The United States reported more than 205,000 newcases and 1,400 deaths on Friday as the number of confirmed infections in the country soared past 13 million.
Over 30 states saw increases in new daily COVID-19 cases before theholiday, leading experts to fear a post-holiday surge that could be compounded by the rest of the holiday season.
"We will not get a reprieve because then Christmas comes and then New Year comes," Rush University Medical Center's Dr. Meeta Shah said. "So, if we're just stacking surge upon surge upon surge, I am significantly worried about that."
The Centers for Disease Control and Prevention is due to hold an emergency meeting Tuesday in an attempt to fast track a potential coronavirus vaccine, while big cities like Los Angeles attempt to slow the spread of the virus with new lockdown orders.
Spiraling cases put more thaneven before holiday shopping began. However, as CBS News' Michael George reports, stories from people struggling to stay alive are still not deterring holiday shoppers and gatherings, or giving healthcare workers a break.
"It's really frightening. I thought an asthma attack was frightening," 66-year-old COVID-19 survivor Shelly Dunn recalled.
Dunn considers herself lucky she still has the ability to talk.
Meanwhile in Oklahoma, officials are getting pushback from the Nurses' Association after it decided to allow nurses who test positive to work.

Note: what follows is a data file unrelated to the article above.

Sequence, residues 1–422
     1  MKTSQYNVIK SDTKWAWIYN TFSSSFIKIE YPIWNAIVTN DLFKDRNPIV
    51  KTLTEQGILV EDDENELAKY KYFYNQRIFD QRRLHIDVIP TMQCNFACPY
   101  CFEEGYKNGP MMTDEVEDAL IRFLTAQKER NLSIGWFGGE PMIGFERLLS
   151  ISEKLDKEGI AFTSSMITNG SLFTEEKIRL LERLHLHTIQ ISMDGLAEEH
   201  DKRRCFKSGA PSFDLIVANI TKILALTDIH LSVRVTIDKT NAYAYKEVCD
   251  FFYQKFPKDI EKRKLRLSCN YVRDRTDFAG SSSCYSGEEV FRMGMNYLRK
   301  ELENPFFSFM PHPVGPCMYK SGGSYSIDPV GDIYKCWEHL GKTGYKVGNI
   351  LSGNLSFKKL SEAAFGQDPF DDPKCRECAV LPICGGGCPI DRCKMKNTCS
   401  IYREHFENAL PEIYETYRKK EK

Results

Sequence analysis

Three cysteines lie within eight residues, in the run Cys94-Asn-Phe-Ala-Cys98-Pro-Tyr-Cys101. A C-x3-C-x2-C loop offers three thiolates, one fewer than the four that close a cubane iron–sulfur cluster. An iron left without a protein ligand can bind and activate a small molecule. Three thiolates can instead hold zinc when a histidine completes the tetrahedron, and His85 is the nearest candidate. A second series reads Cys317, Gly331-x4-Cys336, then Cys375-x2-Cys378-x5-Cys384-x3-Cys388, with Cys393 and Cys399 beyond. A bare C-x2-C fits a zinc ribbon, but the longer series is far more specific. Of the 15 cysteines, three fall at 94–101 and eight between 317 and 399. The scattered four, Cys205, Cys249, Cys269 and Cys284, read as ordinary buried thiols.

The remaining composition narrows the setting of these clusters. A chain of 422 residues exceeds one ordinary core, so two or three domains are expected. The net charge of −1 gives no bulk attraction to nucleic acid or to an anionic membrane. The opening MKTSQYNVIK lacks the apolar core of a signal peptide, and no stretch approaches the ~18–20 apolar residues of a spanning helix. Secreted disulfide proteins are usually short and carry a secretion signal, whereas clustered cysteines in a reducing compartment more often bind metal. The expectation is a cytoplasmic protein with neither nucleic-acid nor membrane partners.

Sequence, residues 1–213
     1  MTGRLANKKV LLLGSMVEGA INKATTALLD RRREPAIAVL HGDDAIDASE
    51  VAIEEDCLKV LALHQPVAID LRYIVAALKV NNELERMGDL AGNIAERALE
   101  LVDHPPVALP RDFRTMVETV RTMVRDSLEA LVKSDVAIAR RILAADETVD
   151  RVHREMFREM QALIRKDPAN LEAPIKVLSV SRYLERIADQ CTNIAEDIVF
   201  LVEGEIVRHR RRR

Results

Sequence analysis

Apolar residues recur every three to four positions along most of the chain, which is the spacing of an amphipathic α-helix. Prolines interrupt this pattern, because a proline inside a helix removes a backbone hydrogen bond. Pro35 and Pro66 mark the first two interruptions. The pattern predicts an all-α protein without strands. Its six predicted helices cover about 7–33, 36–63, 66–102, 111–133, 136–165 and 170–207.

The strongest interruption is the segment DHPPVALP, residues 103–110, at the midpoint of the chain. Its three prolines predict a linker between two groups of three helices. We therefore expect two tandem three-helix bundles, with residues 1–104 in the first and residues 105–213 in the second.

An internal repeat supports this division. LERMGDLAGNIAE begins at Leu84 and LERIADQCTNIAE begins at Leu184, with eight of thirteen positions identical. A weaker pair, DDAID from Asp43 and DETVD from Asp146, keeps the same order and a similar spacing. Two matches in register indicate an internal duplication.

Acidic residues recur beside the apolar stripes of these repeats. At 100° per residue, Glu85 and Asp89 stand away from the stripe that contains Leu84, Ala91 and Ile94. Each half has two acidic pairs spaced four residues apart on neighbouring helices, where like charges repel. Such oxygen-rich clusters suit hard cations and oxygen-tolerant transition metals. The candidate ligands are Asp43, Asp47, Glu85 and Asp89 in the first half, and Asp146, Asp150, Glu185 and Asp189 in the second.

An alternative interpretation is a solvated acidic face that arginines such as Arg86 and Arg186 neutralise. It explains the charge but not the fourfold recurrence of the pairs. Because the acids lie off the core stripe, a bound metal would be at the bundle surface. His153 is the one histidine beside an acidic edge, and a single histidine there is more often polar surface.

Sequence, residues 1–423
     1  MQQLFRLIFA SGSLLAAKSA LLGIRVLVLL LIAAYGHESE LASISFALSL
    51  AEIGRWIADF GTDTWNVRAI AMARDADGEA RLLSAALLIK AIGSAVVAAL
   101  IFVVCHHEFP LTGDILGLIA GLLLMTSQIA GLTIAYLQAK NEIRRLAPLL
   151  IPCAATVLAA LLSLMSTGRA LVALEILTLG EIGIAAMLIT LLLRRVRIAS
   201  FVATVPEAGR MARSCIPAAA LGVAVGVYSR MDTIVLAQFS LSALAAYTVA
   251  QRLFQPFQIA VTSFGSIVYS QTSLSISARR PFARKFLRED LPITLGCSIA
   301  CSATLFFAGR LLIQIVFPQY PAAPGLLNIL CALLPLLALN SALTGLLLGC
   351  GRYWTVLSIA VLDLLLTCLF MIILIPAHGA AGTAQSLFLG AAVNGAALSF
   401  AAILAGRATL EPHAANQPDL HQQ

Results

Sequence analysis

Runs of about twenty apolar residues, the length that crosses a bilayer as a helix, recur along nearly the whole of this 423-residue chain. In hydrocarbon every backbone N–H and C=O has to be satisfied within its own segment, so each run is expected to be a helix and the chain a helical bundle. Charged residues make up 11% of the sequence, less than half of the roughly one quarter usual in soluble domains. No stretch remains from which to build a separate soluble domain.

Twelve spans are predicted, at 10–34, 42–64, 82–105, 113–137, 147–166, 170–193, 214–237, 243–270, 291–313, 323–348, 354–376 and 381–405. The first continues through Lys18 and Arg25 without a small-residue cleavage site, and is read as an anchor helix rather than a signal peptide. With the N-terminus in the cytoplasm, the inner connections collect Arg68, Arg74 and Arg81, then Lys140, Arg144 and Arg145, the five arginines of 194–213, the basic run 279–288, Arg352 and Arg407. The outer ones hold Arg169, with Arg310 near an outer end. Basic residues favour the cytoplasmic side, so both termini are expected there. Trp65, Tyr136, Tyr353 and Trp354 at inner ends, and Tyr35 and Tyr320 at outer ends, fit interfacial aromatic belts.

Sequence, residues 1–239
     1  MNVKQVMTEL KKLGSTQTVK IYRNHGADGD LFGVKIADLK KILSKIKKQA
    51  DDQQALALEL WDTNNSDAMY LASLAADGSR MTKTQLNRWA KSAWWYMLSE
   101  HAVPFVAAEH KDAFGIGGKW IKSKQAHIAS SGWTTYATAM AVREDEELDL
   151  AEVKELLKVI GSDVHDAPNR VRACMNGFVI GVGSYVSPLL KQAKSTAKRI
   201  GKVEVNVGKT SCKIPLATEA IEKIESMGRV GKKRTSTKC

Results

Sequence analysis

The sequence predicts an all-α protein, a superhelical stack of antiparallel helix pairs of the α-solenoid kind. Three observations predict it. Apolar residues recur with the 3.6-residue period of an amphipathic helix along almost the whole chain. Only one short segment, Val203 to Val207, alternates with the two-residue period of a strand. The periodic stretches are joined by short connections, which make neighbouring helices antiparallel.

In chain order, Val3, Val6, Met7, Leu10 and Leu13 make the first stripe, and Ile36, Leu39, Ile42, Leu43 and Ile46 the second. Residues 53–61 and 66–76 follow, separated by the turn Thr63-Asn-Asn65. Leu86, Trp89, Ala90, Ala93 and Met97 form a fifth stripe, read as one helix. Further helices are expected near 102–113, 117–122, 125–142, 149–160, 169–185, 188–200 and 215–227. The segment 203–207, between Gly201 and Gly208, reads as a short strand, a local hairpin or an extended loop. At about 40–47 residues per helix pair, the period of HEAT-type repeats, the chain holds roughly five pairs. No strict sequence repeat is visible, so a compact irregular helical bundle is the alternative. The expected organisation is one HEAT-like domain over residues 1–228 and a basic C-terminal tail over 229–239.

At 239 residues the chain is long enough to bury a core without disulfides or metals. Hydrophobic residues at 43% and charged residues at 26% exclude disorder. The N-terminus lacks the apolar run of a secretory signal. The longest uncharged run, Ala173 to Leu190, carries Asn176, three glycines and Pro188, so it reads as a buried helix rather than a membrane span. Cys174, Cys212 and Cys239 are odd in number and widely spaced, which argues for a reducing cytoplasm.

"It is a mixed message to the public to allow asymptomatic COVID-positive nurses, physicians, and other healthcare workers to work," Jane Nelson of the Oklahoma Nurses Association said.
Nationwide, officials have urged caution. Vermont Governor Phil Scott told residents of his state that social gatherings have consequences.
"If you are going towith households outside of your household… you shouldn't send your kids to school next week and that you should quarantine your kids for at least seven days, get a test," Scott warned his constituents in a press conference.
banned public and private gatherings for anyone outside a household, though religious services and protests can take place because they are protected by the Constitution, thanks to a recent 5-4 Supreme Court ruling.
San Antonio, Texas' attempt to slow the virus' spread with a 10 p.m. curfew has been disparaged by some in the service industry.
Bar owner Greg Barrinau called the measure "nonsense."
"It is not fair to the citizens of San Antonio," he said. "They are grown adults. They can make their own decision on if they gather and how they gather."
With nearly 265,000 Americans dead due to the coronavirus so far, experts fear a post-Thanksgiving surge is just the beginning.